This week, the Southern Baptist Ethics & Religious Liberty Commission (ERLC) started a new #PRAYforMARRIAGE campaign. It is asking people to pray that the U.S. Supreme Court will decided against same-sex marriage. The ERLC runs a 40 day prayer vigil before a national election.
Prayers may have little chance of changing the outcome of an election or a Supreme Court case, they may still be worth the effort. Prayer is about more than changing God’s will. People pray for many reasons that have little to do with the outcome of prayer — they pray to be faithful to their religion, express themselves, or feel closer to God.
Obviously, those who do not believe in God or the supernatural would see prayer as ineffective in changing events. Even some religious people are skeptical of efforts to shape politics through prayer.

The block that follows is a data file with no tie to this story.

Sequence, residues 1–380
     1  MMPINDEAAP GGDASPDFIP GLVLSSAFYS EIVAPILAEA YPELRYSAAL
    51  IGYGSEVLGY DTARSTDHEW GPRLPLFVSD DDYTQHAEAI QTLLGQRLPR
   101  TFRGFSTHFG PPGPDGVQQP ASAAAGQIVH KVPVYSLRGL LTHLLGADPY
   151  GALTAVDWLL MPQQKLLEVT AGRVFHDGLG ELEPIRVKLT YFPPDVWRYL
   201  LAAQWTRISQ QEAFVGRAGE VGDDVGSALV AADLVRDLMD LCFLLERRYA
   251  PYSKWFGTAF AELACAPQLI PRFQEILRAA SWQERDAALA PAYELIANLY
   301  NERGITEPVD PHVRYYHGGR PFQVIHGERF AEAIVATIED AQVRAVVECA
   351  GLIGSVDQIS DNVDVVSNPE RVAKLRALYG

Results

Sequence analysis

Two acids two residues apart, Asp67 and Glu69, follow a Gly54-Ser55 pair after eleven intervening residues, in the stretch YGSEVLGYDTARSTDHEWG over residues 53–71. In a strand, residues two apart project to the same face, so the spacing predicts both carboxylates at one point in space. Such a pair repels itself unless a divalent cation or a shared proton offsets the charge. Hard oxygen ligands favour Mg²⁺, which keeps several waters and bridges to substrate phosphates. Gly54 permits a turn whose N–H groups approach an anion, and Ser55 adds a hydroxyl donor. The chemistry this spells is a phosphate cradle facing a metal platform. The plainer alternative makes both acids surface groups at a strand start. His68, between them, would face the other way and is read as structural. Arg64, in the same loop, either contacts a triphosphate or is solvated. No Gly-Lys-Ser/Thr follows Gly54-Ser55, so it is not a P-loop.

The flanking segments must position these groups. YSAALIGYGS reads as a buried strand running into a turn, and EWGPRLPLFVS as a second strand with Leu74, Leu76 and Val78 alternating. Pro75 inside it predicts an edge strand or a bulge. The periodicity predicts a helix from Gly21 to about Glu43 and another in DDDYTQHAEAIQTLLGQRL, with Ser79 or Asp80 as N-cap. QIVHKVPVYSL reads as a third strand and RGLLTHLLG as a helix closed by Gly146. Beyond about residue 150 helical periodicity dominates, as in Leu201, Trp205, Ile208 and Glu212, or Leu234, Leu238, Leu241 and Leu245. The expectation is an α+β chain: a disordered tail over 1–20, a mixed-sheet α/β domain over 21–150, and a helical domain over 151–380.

But is prayer really that different than voting?
Yesterday, I voted in our local elections. I live in a small town, and we had some races decided by a dozen or so votes. But what would have happened if I had not voted?
Nothing. All of the election results would have remained unchanged.
Political scientists have long recognized that each individual vote is rarely (very, very rarely) effective. Unless you cast the deciding vote, then your trip out to the polling station could have been better spent doing something else. The only way voting is worth the effort is if it is personally rewarding. We do it because it is our civic duty, because we like participating in the process, or because we simply like being able to have a say in who runs our government.
Some of us vote because we like to wear the “I voted!” sticker.
Prayer may not be the most effective way to change government, but it is no less effective than voting. And we do that all the time, too.
So vote if you want. Pray if you prefer. Choose both. Do neither. Just realize that people do a lot of things that are far less effective than we would like to admit.